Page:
In Olson, the complainant filed an employment discrimination charge with the EEOC more than 180 days after her allegedly discriminatory termination. In addition, she did not institute state proceedings relating to the alleged unlawful discharge within the ninety day state limitation period.9 The court held that in a deferral state a charge of employment discrimination must be filed with the state agency within 180 days of an alleged unlawful act to trigger the extended 300-day filing period with the EEOC.10 Because the Olson complainant did not institute state proceedings within 180 days of her discharge, the court concluded that she was not entitled to the 300-day period for filing with the EEOC and dismissed her action. Olson v. Rembrandt Printing Co., supra, 511 F.2d at 1233. Cf. Doski v. M. Goldseker Co., 539 F.2d 1326 (4th Cir. 1976) (in a deferral state, where a complainant files a state claim for Title VII relief more than 180 days after termination but within the state limitation period, the extended 300-day period for filing with the EEOC applies).
Employing the Olson reasoning in a Title VII claim to the ADEA action before it, the district court in the instant case dismissed Hardtke's action because, having failed to commence state proceedings, Hardtke had to provide notice of intent to sue to the Secretary within 180 days of his termination which he failed to do.
In light of the Supreme Court's decision in Oscar Mayer & Co. v. Evans, supra, we do not believe the Olson reasoning relating to Title VII claims applies to filing limitation periods under the ADEA. Unlike a person charging discrimination under Title VII, an ADEA claimant may bring a federal action without having timely commenced state proceedings. The Supreme Court held that "state limitations periods are irrelevant" for purposes of commencing state proceedings in ADEA actions and that 29 U.S.C. § 633(b) requires only that the state proceedings commence sixty days before the institution of federal litigation. Oscar Mayer & Co. v. Evans, supra, --- U.S. at ----, 99 S.Ct. at 2073. If the federal action is first commenced, it will be held in abeyance until the complainant files a complaint with the state agency, even though untimely under state law. Id. at ----, 99 S.Ct. at 2076.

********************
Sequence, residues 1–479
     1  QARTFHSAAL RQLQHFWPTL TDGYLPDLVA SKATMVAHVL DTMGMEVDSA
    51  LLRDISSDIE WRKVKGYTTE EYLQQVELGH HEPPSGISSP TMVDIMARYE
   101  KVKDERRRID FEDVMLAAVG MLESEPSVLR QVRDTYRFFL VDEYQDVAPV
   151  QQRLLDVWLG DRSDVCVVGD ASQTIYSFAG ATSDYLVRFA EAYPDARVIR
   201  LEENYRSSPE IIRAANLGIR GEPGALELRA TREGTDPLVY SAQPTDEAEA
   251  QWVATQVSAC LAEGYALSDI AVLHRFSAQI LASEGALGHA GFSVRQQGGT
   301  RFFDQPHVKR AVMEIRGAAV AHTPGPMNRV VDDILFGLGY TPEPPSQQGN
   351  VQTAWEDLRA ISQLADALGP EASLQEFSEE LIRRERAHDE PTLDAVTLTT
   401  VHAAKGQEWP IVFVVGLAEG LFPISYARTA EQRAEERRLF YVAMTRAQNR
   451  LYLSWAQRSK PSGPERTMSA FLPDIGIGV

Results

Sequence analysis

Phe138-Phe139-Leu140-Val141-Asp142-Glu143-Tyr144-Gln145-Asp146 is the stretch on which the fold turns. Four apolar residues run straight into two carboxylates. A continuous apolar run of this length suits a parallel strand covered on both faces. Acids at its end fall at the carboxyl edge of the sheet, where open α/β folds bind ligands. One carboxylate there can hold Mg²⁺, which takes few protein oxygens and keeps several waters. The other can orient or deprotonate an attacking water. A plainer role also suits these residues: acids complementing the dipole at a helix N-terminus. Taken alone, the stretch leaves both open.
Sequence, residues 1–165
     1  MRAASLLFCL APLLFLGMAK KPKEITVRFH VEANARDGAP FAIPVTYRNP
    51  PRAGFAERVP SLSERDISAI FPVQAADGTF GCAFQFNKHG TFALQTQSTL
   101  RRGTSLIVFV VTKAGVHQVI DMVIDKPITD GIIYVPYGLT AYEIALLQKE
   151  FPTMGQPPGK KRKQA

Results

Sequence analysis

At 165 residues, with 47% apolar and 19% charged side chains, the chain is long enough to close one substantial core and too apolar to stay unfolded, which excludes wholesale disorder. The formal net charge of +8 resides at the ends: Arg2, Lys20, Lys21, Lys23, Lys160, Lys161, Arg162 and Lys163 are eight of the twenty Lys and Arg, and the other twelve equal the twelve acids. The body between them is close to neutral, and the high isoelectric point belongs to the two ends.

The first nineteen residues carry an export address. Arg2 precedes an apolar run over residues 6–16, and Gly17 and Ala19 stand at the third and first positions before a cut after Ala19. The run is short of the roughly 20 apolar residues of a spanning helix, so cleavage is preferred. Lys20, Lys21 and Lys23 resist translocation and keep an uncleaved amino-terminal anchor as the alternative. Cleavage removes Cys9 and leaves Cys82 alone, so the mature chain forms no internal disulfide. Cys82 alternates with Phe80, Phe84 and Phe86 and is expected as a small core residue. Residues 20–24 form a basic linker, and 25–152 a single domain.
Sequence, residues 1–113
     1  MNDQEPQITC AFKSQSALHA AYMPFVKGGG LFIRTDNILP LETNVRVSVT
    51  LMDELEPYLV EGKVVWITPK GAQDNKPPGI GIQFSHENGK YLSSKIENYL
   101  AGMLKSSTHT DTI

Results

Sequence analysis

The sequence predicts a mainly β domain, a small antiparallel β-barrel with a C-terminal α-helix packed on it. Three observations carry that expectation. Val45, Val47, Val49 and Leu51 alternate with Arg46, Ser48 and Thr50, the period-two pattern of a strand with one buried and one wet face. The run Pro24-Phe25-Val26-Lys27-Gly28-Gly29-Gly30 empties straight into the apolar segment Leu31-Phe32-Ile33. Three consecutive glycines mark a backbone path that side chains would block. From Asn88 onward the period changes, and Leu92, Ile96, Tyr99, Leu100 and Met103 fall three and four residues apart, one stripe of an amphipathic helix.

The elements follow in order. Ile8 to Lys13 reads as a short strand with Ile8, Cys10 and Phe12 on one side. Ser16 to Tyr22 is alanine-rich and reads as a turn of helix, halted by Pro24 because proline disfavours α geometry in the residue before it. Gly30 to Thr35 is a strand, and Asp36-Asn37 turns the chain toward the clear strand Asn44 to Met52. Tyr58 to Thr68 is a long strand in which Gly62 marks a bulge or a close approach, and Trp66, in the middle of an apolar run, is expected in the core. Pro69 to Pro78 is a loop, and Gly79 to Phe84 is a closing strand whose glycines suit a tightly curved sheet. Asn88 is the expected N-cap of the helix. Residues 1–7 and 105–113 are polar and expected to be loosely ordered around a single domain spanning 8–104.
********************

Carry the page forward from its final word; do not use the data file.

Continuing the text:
Thus, under Evans it appears that compliance with state time limitations in a deferral state must also be deemed irrelevant for purposes of determining whether a complainant has 180 or 300 days to file notice of intent to sue with the Secretary. We believe that, in a deferral state, an ADEA claimant may provide notice of intent to sue to the Secretary within 300 days of an alleged discriminatory act regardless of whether or not state proceedings have been timely commenced. Accordingly, we hold that Hardtke timely filed his notice of intent to sue within the applicable 300-day limitation period of 29 U.S.C. § 626(d)(2).
IV. The status of appellant Bean.
Bean contends that where at least one complainant in the present case Juanita Davenport, See n.1 Supra, otherwise in compliance with the ADEA, timely files notice of intent to sue with the Secretary, that complainant may bring suit on behalf of "similarly situated" employees who have consented to join the action under 29 U.S.C. § 216(b), even though such "similarly situated" employees have not individually filed notice to sue pursuant to 29 U.S.C. § 626(d).11 Crocker responds that each complainant in an ADEA action must individually fulfill the section 626(d) notice requirements. The district court agreed with Crocker and dismissed Bean from the action.
We hold that the ADEA authorizes grievants who have complied with section 626(d) to bring representative actions pursuant to section 216(b) on behalf of "similarly situated" employees, who may not have individually filed notice of intent to sue with the Secretary. Therefore, we reverse the decision of the district court dismissing Bean from the action.
In his concurring opinion in Evans, Mr. Justice Blackmun noted that the ADEA is "a remedial statute that is to be liberally construed" and suggested that it should be read in such a manner as to "give full recognition to that remedial character." Oscar Mayer & Co. v. Evans, supra, concurring opinion, ---- U.S. at p. ----, 99 S.Ct. at p. 2076 (Blackmun, J.). The ADEA's broad remedial purposes of prohibiting arbitrary age discrimination and of promoting the employment of older persons based on their ability rather than age are best served by an interpretation of 29 U.S.C. § 216(b) that permits similarly situated complainants to join in an action as unnamed parties so long as a named plaintiff has complied with the notice requirements of 29 U.S.C. § 626(d).12